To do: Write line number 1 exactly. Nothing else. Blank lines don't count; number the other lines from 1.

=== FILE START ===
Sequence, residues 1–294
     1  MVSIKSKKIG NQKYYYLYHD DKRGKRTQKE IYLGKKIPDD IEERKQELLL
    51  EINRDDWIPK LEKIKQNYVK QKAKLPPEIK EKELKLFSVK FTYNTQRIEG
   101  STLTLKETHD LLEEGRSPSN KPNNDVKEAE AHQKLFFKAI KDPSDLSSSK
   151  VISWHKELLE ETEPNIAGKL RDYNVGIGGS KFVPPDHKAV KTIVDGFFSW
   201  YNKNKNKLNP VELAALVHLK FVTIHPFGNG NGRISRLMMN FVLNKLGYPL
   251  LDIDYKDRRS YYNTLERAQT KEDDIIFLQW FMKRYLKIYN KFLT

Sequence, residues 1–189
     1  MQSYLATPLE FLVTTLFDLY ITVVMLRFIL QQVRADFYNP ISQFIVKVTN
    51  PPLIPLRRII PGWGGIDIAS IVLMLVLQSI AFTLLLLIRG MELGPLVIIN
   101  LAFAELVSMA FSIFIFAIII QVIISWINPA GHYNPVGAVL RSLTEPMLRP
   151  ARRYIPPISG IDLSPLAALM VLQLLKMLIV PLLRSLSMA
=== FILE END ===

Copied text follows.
Sequence, residues 1–294